Advantages of ASL GLoss for SignWriting
slevin at PUDL.INFO
Sun Mar 28 20:49:26 UTC 2004
OK, I have some questions.
How many signs per minute can a native signer type using SignWriter. What
is the curve for learning SignWriter and what speeds are possible?
I'm assuming that writing ASL Gloss is quicker. But I'm also assuming that
reading SignWriting is easier. I know the second because I often sign when
using the TTY. I can not read ASL Gloss and understand very well.
While ASL Glossing may loose something in the translation, is it adequate
enough? Because written English is not the same as an oral presentation,
yet written English is adequate.
If a long passage was written in SignWriting directly versus ASL Gloss, how
much work would be required for each, and how adequate would the resulting
ASL Gloss is a unique development in the US because of the focus on oralism,
rather than literacy. Deaf use glossing because they know English words,
but not English grammar. The same way that hearing use PSE: ASL sign with
ps - sorry for the rant below, but I'm a firm believer in the value of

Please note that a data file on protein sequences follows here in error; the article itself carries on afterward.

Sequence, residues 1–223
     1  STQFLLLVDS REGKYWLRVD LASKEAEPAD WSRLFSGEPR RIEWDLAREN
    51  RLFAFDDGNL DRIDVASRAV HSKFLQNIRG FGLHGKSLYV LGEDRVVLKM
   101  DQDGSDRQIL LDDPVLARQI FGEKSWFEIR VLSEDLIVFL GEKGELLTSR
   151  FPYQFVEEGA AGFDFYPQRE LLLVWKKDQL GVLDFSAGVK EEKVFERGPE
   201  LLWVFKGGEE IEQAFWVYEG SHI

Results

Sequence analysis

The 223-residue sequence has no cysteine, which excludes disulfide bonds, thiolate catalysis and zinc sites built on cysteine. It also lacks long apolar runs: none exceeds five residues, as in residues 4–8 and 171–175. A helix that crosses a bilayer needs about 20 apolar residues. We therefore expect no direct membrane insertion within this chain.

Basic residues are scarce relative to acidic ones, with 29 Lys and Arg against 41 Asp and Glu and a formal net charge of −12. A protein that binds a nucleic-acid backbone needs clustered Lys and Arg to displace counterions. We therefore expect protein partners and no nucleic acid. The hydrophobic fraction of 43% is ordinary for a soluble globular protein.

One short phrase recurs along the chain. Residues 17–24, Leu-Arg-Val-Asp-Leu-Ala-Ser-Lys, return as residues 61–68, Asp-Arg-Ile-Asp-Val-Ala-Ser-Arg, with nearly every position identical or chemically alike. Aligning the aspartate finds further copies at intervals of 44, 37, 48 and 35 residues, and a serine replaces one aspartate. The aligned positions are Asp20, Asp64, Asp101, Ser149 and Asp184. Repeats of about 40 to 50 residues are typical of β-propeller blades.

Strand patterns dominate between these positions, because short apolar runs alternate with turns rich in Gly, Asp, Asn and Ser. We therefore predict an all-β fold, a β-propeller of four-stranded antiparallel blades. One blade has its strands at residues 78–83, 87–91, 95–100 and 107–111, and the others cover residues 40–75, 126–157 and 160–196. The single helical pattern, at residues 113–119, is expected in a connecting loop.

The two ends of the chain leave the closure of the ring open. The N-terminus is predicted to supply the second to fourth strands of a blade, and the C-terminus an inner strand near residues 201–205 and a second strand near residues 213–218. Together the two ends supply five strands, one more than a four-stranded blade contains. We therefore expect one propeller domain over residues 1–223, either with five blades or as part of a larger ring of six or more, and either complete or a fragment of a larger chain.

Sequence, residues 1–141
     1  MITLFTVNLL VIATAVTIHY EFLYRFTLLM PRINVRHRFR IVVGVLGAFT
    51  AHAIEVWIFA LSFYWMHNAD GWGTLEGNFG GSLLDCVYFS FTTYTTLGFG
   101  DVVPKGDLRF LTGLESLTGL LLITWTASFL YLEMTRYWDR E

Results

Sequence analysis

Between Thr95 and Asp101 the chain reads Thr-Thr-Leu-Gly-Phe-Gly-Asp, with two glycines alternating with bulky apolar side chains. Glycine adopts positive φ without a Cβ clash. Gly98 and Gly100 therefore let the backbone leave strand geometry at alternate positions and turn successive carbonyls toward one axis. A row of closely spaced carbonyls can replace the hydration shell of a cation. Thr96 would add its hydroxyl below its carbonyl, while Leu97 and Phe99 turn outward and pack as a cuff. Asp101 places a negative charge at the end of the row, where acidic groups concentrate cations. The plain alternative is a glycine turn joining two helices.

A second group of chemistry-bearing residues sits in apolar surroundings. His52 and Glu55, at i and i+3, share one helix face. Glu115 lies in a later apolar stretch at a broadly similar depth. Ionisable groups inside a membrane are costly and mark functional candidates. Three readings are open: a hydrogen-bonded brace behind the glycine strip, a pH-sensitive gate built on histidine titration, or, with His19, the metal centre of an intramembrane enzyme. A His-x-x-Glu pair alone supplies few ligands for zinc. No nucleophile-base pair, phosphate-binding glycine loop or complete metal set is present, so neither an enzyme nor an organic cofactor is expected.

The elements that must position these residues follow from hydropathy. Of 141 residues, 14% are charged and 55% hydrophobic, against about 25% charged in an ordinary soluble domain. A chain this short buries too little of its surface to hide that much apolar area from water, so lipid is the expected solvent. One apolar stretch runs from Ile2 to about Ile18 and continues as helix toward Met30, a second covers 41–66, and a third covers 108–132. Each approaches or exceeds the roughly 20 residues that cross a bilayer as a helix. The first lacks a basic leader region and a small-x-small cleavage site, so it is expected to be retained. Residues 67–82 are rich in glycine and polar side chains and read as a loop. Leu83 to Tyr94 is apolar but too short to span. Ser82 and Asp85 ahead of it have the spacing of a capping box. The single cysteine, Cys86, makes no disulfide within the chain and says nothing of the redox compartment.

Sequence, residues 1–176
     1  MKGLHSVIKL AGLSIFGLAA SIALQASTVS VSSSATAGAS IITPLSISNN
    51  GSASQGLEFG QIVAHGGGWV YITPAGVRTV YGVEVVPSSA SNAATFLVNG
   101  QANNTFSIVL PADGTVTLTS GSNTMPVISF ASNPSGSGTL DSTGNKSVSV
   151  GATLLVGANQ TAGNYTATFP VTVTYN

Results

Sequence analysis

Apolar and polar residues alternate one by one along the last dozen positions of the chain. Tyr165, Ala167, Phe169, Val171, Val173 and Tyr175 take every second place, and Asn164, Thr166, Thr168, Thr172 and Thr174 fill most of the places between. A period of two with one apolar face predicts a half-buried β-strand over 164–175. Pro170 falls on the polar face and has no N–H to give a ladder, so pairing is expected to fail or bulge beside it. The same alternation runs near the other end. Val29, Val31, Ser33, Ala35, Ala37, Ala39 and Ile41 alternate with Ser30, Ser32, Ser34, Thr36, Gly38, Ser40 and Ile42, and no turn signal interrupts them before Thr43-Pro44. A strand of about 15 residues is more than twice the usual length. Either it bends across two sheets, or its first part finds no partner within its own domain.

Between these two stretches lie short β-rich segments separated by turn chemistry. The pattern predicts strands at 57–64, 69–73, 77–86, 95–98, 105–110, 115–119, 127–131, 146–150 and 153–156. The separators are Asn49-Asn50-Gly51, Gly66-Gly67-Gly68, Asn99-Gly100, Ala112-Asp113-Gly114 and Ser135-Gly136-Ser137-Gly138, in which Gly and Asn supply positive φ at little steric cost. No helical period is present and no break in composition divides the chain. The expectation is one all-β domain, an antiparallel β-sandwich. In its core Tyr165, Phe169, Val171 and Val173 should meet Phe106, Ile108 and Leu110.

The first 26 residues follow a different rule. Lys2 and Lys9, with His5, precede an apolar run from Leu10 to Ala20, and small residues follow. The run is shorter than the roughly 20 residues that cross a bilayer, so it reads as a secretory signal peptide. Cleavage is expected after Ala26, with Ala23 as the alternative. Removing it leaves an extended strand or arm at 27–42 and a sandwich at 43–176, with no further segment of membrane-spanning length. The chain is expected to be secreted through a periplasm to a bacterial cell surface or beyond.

I disagree with deaf knowing only a single language. It is great to start
with a signed language, but not learning the native language of a country is
a big mistake (or so I believe). To require an interpretor to get a job,
education, or even deal with a laywer is a mistake. I believe it traps the
deaf individual. If the deaf know only a single language, then they require
the government to make laws that require companies to hire two people to
perform a single job. This does nothing positive for the deaf, because it
builds resentment toward them. It also encourages the stigma that deaf are
handicapped. I even believe that deafness should be removed from the ADA.
However, I do believe the time spent learning to lip read and voice can be
better spent on learning to read and write; both ASL and English!
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